apartheid |əˈpärtˌ(h)āt; -ˌ(h)īt|
(in South Africa) a policy or system of segregation or discrimination on grounds of race.
• segregation in other contexts : sexual apartheid.
Adopted by the successful Afrikaner National Party as a slogan in the 1948 election, apartheid extended and institutionalized existing racial segregation. Despite rioting and terrorism at home and isolation abroad from the 1960s onward, the white regime maintained the apartheid system with only minor relaxation until February 1991.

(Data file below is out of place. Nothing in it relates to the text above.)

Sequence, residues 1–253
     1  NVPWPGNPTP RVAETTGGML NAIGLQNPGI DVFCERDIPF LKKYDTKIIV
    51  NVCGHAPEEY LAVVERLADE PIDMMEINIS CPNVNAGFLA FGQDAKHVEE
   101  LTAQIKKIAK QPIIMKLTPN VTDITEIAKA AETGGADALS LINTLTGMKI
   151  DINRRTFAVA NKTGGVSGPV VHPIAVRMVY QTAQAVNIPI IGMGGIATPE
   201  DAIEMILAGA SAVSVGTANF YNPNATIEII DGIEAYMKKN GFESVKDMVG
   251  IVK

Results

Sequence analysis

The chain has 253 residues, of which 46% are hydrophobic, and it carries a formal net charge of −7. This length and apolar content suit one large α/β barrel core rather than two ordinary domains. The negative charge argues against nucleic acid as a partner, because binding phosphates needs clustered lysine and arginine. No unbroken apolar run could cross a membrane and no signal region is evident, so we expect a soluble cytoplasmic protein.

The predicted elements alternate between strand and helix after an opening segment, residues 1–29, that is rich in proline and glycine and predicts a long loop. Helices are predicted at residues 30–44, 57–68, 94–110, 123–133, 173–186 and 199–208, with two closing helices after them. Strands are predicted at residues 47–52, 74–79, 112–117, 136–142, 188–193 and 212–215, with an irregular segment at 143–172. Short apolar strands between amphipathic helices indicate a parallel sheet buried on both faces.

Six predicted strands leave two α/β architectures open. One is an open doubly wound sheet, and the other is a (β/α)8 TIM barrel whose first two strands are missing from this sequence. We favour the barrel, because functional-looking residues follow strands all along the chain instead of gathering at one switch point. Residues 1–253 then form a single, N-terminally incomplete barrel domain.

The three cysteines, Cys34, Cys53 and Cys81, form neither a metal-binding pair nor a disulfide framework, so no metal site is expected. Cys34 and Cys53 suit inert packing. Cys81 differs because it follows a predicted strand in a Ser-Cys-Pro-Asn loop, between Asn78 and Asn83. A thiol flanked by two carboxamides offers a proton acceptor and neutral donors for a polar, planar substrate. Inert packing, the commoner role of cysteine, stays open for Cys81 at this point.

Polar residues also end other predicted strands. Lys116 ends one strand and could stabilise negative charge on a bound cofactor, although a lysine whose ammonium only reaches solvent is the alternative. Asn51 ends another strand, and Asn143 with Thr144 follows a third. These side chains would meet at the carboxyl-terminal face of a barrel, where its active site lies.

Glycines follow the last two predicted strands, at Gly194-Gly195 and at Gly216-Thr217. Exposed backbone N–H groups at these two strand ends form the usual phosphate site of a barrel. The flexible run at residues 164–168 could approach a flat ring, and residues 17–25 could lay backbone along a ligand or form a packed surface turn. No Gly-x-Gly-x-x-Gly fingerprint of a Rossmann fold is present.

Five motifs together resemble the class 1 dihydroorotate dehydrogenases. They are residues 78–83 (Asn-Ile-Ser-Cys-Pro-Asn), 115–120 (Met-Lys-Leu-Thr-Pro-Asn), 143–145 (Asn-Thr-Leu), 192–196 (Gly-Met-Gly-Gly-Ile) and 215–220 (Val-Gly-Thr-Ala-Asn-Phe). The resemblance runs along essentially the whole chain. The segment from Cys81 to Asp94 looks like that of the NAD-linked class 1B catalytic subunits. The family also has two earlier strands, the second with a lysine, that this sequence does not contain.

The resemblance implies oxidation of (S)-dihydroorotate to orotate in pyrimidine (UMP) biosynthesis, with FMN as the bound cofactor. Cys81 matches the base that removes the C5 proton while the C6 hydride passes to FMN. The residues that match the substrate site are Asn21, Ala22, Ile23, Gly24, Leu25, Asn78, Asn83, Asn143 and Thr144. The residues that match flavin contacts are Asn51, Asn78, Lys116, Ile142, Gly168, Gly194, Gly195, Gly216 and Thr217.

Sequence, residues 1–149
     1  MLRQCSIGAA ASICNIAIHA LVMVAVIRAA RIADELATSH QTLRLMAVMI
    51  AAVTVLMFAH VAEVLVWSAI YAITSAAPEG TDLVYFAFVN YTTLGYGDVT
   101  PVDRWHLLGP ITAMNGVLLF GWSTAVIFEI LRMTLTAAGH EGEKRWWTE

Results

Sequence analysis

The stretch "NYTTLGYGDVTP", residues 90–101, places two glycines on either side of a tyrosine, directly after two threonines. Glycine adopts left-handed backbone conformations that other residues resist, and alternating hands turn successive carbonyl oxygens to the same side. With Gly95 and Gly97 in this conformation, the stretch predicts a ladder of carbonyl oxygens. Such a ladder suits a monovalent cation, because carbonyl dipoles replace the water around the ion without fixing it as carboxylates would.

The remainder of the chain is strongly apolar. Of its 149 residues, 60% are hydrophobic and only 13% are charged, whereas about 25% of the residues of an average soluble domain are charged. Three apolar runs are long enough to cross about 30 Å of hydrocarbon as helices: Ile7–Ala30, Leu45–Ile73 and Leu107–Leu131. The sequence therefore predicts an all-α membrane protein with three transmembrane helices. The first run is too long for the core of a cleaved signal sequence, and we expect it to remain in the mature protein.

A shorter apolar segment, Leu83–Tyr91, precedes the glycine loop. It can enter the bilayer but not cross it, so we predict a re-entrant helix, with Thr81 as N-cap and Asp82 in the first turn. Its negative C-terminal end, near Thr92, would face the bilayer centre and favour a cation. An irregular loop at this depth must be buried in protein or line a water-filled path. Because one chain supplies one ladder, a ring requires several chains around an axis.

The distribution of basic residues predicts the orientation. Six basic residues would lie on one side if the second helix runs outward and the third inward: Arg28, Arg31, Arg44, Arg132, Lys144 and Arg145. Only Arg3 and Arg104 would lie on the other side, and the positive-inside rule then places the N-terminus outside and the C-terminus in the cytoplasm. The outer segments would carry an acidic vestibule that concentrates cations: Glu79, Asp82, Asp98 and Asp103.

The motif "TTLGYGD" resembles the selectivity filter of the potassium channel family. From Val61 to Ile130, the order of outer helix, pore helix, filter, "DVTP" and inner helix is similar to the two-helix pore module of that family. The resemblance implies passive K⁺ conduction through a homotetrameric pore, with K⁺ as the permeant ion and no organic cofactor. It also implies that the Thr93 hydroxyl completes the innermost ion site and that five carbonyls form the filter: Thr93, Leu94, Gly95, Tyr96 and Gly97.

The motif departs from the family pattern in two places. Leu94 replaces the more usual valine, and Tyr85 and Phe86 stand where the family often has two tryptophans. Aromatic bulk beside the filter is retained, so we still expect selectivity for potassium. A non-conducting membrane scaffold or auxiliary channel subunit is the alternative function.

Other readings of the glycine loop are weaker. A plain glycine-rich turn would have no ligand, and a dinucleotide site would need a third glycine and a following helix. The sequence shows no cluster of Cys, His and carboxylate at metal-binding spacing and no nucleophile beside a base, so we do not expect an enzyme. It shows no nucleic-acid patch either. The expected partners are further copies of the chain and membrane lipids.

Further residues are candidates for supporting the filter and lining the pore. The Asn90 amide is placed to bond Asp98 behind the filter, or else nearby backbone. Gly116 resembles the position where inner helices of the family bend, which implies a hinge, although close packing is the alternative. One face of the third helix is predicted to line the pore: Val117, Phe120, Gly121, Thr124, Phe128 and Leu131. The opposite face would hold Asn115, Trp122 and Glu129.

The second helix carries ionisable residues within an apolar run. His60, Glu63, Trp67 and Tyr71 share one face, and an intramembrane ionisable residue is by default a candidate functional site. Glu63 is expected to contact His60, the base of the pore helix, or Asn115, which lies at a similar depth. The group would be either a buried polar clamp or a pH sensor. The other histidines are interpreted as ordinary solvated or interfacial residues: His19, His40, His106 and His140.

ORIGIN 1940s: Afrikaans, literally ‘separateness,’ from Dutch apart ‘separate’ + –heid (equivalent of –hood ).